Pictures are stills captured from actual DVD
Max and Dave Fleischer began a remarkable two-year project in 1937 that would result in one of the finest full-length animated movies ever made, Gulliver’s Travels. Even by today’s standards (or perhaps that should be, especially by today’s standards) the magnitude of the project is almost overwhelming: about 600 artists and technicians employed for over two years who used twelve tons of paint and 39,000 pencils to produce some 115,000 composite scenes.
Gulliver’s Travels was an immediate success upon its 1939 release, receiving two Oscar nominations, and it remained a presence in theaters and television well into the 1950s. However, by the 1990s, the film did not seem to exist in decent condition anywhere and more than one generation of children missed experiencing it. Thankfully, the Fleisher family allowed its own 35mm source print to be used in the production of the remarkable new DVD just released by Koch Entertainment.
The new version of Max Fleischer’s Gulliver’s Travels is so crisp, and its colors so vivid, that it could have been made yesterday rather than seventy years ago. The original soundtrack has been restored even to the point that two new options, Dolby Digital and 5.1, are available. The only clue that this is a seventy-year-old movie comes from the look of the animation itself, a pre-computer style that makes the artistic achievement of the movie even more obvious than it probably was upon its 1939 release.
The seventy-seven minute film covers only that portion of Swift’s story in which Gulliver is shipwrecked and comes to shore in the kingdom of Lilliput, a land in which he is a giant among Lilliput’s little men and women. Gulliver arrives just in time to help the Lilliputians avoid all-out war with a neighboring kingdom and he becomes a much-admired hero, on both sides, for his efforts.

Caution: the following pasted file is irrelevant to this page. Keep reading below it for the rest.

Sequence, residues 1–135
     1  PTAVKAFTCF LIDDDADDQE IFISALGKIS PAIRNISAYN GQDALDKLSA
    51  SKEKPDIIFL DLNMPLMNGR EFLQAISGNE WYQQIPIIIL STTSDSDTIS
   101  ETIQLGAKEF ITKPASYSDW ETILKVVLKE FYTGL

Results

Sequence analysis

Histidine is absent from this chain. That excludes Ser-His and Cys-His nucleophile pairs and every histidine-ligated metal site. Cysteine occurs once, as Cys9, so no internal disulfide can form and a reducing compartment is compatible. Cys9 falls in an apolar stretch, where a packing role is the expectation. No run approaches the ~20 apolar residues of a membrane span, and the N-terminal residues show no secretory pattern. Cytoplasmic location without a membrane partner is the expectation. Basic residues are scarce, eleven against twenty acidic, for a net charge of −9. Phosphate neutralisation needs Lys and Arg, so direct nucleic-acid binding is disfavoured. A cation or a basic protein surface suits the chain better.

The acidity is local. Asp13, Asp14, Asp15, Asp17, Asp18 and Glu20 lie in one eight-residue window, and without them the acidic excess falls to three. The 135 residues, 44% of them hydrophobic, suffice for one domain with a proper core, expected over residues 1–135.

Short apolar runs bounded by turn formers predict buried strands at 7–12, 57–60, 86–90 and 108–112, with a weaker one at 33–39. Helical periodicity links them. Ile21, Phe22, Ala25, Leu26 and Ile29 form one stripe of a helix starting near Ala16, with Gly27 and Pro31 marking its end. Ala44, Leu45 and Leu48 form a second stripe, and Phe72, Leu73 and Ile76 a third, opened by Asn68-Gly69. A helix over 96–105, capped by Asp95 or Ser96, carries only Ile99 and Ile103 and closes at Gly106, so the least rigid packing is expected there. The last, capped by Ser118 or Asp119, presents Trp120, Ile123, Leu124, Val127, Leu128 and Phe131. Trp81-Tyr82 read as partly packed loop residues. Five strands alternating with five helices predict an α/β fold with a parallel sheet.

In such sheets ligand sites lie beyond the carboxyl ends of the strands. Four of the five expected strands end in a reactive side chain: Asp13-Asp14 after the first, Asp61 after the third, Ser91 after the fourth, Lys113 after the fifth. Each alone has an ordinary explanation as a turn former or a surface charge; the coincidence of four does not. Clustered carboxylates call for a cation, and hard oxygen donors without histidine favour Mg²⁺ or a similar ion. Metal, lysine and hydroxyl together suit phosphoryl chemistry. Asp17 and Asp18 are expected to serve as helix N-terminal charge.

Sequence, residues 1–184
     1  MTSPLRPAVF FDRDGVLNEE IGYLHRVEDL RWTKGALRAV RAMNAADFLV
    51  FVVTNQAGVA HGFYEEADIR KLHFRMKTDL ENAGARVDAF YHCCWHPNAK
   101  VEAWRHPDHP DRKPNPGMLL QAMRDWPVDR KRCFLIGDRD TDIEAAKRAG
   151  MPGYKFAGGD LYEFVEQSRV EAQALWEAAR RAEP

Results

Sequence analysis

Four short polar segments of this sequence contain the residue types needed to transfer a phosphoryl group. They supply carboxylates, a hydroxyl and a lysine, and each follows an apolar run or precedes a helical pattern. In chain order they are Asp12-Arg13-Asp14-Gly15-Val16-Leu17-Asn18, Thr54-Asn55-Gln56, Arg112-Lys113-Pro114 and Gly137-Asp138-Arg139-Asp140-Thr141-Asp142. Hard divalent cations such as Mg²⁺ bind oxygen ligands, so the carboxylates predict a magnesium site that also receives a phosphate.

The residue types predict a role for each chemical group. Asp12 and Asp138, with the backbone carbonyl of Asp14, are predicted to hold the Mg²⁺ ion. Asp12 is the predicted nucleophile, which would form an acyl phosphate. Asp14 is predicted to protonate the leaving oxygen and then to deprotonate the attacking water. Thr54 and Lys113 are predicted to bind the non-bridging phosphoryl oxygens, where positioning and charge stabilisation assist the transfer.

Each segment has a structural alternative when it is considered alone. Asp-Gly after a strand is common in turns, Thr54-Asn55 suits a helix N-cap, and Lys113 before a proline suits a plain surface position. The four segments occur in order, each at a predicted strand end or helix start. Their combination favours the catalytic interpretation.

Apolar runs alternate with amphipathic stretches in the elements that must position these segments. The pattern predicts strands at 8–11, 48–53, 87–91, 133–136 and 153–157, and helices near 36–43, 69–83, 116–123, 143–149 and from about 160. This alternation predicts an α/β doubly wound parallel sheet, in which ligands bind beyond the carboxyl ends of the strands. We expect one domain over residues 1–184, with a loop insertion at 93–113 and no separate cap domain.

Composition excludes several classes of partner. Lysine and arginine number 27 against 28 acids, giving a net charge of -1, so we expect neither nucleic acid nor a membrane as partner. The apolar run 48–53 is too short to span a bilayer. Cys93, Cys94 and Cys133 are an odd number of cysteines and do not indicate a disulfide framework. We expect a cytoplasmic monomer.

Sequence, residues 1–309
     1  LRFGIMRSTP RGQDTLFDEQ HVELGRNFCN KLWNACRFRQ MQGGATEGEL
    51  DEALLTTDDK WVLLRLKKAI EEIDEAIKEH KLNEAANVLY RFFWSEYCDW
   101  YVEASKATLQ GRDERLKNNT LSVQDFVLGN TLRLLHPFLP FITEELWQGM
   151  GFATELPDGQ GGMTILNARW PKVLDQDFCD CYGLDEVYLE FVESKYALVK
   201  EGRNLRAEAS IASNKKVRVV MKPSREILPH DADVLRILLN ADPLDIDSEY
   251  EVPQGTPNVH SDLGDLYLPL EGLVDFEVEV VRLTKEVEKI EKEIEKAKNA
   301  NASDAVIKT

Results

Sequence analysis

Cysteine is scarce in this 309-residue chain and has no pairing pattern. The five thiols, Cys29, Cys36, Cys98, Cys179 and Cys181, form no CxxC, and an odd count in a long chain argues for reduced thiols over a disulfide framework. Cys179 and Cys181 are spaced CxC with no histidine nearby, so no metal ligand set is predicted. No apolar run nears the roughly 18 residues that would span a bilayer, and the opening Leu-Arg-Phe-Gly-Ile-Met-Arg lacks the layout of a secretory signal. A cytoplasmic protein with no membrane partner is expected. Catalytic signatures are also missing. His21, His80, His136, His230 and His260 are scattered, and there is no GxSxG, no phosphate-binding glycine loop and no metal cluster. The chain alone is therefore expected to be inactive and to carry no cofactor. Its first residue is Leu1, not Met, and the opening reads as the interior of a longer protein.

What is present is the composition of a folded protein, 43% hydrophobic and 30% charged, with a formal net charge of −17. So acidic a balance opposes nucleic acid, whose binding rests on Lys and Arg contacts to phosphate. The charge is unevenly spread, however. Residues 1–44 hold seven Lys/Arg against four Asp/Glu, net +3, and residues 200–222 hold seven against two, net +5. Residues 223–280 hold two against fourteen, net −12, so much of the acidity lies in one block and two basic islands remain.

I watched Gulliver’s Travels with my seven-year-old grandson and found that he enjoyed the movie as much as he enjoys his more modern cartoon favorites. He particularly liked the scenes in which the night-guard first discovers the giant and struggles to get anyone to pay any attention to his alarm. He also had a few laugh-out-loud moments while the Lilliputian crew works hard to tie down the giant only to have him so easily undo all of their work in a few seconds.
Gulliver’s Travels holds up so well to modern eyes that it is easy to forget that the film was created seven decades ago. I highly recommend this one for book-loving parents looking for a painless way to expose their children or grandchildren to a literary classic.
Rated at: 5.0